The Meadow Garden's habitats—pond, stream, wetland, forest edge, grassland, and mixed meadow—provide food, water, nesting areas, and shelter for many species of wildlife.
As you wander through the Meadow Garden, take time to slow down. Look around. Listen. If you're lucky, you might chance upon some interesting visitors.
Like you, some are passing through this corridor of natural land, taking advantage of its bounty. Still others call this Meadow home.
Hourglass Lake & Wetlands
Be on the lookout for dragonflies, turtles, ducks, egrets, and herons. Listen for a chorus of spring peepers. Or watch for the plunge of a kingfisher as it dives headfirst into the lake for a meal.
Fish and other residents of water and wetlands benefit from the long root systems of warm-season meadow grasses. At eight to ten feet deep, they act as a sponge to soak up rain and snowmelt. Without them, stormwater runoff would carry sediment into the lake, choking the eggs of aquatic species. In contrast, the roots of our non-native cool-season lawn grasses, at less than one foot deep, are unable to prevent the rapid stormwater runoff that washes roadway pollutants and excess nutrients from fertilizers into our streams and water supplies.
Longwood has collected over 30 years of bird and nest box inventory. More than 170 young bluebirds fledge every year, along with numerous tree swallows, chickadees, and wrens.
The biodiversity of the Meadow Garden sustains healthy bird populations by providing a variety of insects, seeds, and fruit for them to eat. The large biomass of insects supported by the Meadow is especially critical, since most terrestrial baby birds eat nothing but insects, which provide the protein necessary for their rapid growth.
A good balance and diversity of animal species is one sign of a healthy habitat. This is especially true among stream invertebrates, which are important markers of water quality. The presence of stoneflies and mayflies suggest clean, cold water with a high oxygen content. Midges, on the other hand, can survive in less optimal conditions, while caddisflies fall on the mid to upper scale of water quality. Since insects are so critical to the healthy ecology of the Meadow Garden, no insecticides are ever used.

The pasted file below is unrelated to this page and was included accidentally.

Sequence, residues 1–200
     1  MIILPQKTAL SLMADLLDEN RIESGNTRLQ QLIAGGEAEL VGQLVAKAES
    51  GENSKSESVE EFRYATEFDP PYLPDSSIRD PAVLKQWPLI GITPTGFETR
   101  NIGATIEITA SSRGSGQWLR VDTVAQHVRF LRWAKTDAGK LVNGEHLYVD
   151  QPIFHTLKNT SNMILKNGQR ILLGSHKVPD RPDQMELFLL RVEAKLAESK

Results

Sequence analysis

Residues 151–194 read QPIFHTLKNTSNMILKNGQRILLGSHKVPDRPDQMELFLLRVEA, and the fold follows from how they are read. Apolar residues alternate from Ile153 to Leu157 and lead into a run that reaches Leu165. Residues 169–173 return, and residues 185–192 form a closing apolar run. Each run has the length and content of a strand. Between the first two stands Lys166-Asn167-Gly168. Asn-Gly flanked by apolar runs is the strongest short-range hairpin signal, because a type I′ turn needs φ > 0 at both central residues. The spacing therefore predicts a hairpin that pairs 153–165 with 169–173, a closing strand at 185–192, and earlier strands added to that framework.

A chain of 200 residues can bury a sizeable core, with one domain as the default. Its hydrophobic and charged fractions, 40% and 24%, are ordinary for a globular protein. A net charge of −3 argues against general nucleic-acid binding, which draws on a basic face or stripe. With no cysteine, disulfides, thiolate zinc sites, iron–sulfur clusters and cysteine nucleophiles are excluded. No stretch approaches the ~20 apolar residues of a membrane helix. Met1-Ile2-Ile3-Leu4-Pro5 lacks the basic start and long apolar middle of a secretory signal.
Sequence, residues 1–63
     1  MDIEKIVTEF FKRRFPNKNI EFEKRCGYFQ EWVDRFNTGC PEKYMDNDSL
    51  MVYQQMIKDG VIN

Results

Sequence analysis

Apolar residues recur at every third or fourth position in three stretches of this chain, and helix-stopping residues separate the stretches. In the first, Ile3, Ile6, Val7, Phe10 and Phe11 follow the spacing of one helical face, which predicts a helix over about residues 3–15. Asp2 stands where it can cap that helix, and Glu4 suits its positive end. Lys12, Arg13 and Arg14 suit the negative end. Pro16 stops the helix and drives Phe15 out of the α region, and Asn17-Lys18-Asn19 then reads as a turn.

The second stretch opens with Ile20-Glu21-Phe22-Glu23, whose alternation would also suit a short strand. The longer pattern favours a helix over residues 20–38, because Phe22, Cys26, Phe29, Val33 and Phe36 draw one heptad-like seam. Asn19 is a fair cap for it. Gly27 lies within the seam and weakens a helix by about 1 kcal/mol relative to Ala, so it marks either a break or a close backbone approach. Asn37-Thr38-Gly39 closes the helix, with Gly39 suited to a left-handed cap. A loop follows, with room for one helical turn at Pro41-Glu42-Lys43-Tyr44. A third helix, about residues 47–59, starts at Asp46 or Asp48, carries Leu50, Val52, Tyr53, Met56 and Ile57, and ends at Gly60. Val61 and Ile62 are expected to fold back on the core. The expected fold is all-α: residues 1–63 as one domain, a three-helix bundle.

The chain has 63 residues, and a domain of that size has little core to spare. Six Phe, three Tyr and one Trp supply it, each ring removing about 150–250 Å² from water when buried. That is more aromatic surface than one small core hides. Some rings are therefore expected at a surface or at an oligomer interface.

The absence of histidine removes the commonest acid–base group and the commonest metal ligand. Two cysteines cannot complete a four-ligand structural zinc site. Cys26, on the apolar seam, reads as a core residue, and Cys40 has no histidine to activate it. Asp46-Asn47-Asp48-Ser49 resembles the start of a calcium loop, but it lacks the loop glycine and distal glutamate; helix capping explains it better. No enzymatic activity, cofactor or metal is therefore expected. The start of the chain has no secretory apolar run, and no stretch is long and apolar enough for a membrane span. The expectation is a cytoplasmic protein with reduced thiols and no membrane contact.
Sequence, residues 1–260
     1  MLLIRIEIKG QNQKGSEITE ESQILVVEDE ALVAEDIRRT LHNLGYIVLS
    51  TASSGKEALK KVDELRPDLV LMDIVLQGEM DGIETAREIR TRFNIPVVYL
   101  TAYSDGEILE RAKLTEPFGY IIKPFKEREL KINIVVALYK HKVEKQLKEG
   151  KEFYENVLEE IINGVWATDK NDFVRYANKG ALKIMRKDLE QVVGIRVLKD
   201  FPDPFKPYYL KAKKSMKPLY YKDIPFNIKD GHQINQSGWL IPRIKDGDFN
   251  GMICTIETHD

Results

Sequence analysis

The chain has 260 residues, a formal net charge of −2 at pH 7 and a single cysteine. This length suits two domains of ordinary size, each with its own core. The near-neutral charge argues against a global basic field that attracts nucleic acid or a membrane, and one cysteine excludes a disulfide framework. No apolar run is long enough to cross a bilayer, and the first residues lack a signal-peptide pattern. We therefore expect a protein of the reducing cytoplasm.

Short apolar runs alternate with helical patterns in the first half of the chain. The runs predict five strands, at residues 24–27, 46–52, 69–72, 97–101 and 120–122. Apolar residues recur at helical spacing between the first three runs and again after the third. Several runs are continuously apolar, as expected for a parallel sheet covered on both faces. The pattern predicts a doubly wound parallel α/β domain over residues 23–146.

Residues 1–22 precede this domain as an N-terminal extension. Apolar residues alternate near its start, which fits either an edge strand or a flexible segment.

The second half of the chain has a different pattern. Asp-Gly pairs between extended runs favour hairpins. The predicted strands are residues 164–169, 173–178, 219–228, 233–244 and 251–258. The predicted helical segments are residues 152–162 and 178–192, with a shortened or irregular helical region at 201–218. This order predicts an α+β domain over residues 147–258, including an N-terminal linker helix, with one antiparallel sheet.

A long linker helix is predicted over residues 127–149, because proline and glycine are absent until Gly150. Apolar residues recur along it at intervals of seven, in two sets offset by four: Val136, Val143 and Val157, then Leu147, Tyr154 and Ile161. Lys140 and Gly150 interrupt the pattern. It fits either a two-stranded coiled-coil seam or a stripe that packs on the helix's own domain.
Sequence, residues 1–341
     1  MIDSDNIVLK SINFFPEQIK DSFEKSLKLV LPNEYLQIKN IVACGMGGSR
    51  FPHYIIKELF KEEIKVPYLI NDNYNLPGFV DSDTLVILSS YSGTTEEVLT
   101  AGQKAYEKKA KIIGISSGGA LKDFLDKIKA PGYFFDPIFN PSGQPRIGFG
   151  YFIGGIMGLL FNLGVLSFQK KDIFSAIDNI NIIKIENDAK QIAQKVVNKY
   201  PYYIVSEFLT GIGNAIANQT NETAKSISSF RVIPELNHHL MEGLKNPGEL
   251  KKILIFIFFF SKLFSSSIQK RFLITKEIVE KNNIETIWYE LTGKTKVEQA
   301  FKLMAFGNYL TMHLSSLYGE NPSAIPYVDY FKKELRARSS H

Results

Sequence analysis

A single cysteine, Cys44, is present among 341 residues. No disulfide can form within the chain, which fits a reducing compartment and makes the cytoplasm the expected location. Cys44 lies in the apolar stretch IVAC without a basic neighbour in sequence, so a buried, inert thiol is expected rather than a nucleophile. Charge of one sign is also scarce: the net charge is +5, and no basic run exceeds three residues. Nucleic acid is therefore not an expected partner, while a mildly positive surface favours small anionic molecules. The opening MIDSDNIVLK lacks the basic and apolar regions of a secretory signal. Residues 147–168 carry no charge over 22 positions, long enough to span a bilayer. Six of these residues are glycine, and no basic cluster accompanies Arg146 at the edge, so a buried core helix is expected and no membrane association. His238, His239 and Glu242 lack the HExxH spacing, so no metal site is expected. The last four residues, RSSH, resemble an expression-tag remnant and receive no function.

Beavers, Meadows, Man
In the past, beavers were the makers of wet meadows. Beaver dams across streams created ponds and marshes, which would gradually fill with silt and turn to meadows when the beavers moved on. These wet meadows eventually turned to swamp, but beavers would build more dams elsewhere and the cycle of natural succession would continue. Similarly, without our thoughtful interventions the Meadow Garden we created would turn to forest. We use mowing and prescribed burning to maintain our Meadow Garden. The doubling of Longwood's Meadow Garden from 40 to 86 acres allows us to carry out this maintenance process in stages, minimizing the short-term disruption of wildlife habitat.
The vital connection between plants and animals is highlighted by the process of pollination, which provides fertilization for flowering plants and offers most pollinators the food they need to survive. Research increasingly emphasizes the importance of native insects and plants, which tend to evolve together in terms of color, shape, odor, and timing. Our management of this Meadow is tailored to support populations of both native plants and pollinators. Many meadow-adapted species, such as the Monarch and Eastern swallowtail butterflies, also benefit from the larger block of habitat provided by the new Meadow Garden.
Another key connection of life in the Meadow is that of predator and prey, as each individual seeks food for survival. Larger predators are attracted by smaller animals, such as birds, mice, and voles. At Hawk Point you can learn to identify the silhouettes of Accipiters, Buteos, and Harriers soaring overhead. Red foxes hunt on the ground primarily at dawn and dusk but can be seen throughout the day, especially in the spring when they are feeding their young. Wild turkeys and White-tailed deer have also been spotted.
“The newly expanded Meadow Garden at Longwood Gardens is a wonderful example of dynamic land conservation practices using native plants to create a beautiful natural environment. An exemplary model of land stewardship, the meadow is an extraordinary asset to the community for its scenic value, the habitat it provides to our native wildlife, and for the opportunity it provides people to be inspired and engage with nature.”
Virginia A. Logan, Executive Director Brandywine Conservancy & Museum of Art